When parishioners begin returning to their churches as pandemic restrictions are gradually lifted, the buildings…
It’s time for a checkup on your mental and emotional health
It is now a cliché that 2020 has been quite a year: the cost of lockdowns on family and finances, loss of loved ones, isolation, fear of contracting illness, anxiety, depression, the election — the list goes on. Everyone is ready for 2020 to be over, with much hope that 2021 will bode better things. After such a long year of trials, have you asked yourself how you’re doing? Do you really even know?
Knowing how to discern one’s emotional and mental health is important. However, as a psychotherapist for the past 35 years, I’ve found that people often associate the term “mental health” only with health of the mind. Instead of this view, we might be better served to look at both mental and emotional health together, as each is intertwined with and influences the other.
Christians may be helped by using the lens of “psychological wholeness” (coined by my father, Catholic psychiatrist Conrad Baars). This concept is based on the anthropology of St. Thomas Aquinas and more aptly describes a healthy balance between feeling and thinking, and how each supports the other and how together they strengthen the person. What this means is that God has designed our human nature — body and soul — in a particular way so that we may honor not only what reason tells us but also what our feelings and emotions convey to us.
Naturally, although the emotions have an important role to play in our happiness — even in becoming virtuous — this is not to say that the emotions are in charge. The human person is more than the sum of his or her parts.
The emotions — just like all the parts of the body — have their rightful place in a person’s life. This truth about human nature can serve to support one’s faith in a loving God who desires the best for us and has created us to desire him. Our feelings and emotions, which aim to help us realize what we are attracted to, can help us to realize all that is good. They can also lead us to know him, our Supreme End in life, more deeply.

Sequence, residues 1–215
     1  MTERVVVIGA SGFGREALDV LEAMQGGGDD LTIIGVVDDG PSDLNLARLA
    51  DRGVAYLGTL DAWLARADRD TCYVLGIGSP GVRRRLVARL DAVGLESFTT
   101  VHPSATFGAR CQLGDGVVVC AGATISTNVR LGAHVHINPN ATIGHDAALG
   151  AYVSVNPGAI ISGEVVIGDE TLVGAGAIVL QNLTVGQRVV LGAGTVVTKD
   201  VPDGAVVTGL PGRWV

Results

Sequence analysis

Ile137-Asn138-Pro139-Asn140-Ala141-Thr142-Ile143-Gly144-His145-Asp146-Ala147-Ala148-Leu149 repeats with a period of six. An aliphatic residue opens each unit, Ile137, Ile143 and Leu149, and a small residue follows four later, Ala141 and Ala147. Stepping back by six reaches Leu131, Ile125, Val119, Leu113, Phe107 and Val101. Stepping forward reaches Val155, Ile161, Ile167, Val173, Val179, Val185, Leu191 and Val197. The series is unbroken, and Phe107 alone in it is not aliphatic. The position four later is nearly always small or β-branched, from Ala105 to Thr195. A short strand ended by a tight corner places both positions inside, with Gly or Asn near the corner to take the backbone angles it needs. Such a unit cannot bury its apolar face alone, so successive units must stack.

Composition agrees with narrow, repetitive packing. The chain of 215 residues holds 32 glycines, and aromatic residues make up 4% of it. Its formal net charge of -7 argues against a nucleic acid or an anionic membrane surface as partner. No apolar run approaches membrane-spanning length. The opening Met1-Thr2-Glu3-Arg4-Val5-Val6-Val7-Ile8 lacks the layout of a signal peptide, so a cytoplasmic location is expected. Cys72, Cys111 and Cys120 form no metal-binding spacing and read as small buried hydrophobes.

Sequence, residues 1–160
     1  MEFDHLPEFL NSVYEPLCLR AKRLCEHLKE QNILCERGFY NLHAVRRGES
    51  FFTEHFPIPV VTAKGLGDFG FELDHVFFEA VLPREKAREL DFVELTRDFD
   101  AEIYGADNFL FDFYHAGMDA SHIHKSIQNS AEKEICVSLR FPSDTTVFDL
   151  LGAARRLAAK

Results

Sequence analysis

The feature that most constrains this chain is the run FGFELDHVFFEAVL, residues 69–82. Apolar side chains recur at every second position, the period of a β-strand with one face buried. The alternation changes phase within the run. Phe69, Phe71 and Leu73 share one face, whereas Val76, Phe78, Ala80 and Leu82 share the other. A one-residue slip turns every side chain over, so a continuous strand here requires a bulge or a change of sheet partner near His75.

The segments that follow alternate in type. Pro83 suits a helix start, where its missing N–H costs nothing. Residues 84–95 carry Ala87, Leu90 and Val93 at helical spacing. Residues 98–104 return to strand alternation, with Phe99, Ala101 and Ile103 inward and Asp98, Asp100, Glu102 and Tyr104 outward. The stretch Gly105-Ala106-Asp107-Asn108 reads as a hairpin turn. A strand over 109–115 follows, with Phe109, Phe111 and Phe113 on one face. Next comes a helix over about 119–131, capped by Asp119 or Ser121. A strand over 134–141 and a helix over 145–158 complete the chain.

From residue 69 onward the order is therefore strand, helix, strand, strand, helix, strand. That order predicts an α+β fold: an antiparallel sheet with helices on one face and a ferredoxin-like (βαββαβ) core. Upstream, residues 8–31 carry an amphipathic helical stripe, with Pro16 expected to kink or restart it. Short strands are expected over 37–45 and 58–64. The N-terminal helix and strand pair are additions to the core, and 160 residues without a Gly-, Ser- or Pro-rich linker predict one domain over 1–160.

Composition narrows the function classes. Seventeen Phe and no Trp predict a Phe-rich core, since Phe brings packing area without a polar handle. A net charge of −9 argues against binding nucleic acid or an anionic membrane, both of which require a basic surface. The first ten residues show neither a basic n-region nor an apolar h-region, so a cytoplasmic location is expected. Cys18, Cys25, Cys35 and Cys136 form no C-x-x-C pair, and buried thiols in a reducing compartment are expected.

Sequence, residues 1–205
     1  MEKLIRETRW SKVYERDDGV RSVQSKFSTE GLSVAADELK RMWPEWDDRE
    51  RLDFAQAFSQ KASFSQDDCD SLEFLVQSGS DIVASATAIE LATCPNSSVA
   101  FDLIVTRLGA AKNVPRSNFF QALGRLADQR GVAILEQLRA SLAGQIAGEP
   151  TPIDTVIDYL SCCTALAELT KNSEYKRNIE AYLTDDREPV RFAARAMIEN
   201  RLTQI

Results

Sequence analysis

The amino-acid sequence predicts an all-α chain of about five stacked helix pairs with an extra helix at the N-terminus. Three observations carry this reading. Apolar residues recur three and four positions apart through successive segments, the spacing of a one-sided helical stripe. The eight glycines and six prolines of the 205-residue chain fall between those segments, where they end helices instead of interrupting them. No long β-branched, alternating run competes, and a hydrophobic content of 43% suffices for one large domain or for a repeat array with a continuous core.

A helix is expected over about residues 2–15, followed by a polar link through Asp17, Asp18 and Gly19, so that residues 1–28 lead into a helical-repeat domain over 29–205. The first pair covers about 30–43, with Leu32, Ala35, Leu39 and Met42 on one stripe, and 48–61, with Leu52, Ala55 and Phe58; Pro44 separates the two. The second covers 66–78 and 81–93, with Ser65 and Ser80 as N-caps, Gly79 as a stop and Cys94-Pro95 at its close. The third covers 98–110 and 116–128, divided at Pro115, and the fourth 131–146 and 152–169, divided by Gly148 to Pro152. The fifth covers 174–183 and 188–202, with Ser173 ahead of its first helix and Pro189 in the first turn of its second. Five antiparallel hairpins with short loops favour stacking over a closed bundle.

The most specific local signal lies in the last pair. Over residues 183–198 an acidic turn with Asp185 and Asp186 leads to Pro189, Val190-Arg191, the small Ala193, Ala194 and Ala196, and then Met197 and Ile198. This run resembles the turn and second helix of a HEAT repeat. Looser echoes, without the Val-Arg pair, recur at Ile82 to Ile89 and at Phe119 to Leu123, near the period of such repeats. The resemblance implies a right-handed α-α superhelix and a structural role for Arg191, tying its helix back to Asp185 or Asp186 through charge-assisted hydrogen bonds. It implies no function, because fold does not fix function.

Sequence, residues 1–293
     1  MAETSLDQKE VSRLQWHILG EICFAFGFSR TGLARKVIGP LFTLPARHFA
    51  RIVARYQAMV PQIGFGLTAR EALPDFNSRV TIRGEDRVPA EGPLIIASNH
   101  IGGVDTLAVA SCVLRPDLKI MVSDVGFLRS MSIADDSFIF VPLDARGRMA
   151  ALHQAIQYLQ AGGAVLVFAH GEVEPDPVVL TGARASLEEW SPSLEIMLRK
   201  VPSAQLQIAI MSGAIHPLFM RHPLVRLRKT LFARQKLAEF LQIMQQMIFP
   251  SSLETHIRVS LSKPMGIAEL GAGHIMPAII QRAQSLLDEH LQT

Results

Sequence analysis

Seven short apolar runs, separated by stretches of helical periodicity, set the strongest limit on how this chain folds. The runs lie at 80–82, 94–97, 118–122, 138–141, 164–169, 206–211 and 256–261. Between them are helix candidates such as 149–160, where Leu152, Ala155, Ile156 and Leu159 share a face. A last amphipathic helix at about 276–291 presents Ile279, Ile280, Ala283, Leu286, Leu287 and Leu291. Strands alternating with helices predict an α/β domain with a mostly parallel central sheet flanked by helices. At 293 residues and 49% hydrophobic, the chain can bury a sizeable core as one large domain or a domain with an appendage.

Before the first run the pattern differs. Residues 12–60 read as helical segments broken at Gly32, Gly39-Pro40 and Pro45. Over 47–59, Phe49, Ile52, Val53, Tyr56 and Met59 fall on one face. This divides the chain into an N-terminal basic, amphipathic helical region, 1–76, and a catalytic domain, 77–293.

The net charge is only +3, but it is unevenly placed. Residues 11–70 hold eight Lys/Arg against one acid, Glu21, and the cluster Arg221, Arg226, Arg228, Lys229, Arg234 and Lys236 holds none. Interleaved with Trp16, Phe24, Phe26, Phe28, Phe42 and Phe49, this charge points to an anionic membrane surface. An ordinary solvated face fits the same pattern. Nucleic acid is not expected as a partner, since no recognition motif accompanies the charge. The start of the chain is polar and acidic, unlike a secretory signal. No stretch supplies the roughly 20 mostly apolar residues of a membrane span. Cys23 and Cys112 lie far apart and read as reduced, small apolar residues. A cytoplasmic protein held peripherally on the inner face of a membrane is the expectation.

How then might we go about gauging our psychological wholeness — our mental and emotional health? Naturally, there are many ways available to assess for depression and anxiety. What I’d like to propose is a way to reflect on both our power of reasoning and on our emotions: a way to develop our psychological wholeness and hence a means to ensure our mental and emotional health.
St. Thomas Aquinas‘ main tenet in his psychology is this: It is the nature of the passions — for example, emotions — to be guided by reason. This means that reason listens to and considers what the emotions say — that is, reason is not to repress, ignore or discount the emotions.
Just like children do better when parents consider their feelings and reasonably answer them, according to their age level, so, too, do the emotions. Our emotions require consideration and acceptance. Emotions are designed to arise naturally and spontaneously when a person is moved by an idea, a person, an experience, whether they experience this as pleasant or unpleasant, good or bad, useful or harmful. They can inform us in a way distinct from reason.
It has been my professional experience that many Catholics and other Christians who seek counseling go to an extreme, ignoring their feelings and emotions entirely. They report doing this for a variety of reasons.
They believe they shouldn’t feel a certain way (such as feeling angry, sad, depressed, hurt, annoyed, anxious, etc.). They discount their feelings for such reasons as “others have it so much worse than I do,” or they believe they should just “power through.” They’ve been taught that emotions will lead them astray or are not important, that they should simply rely on their willpower.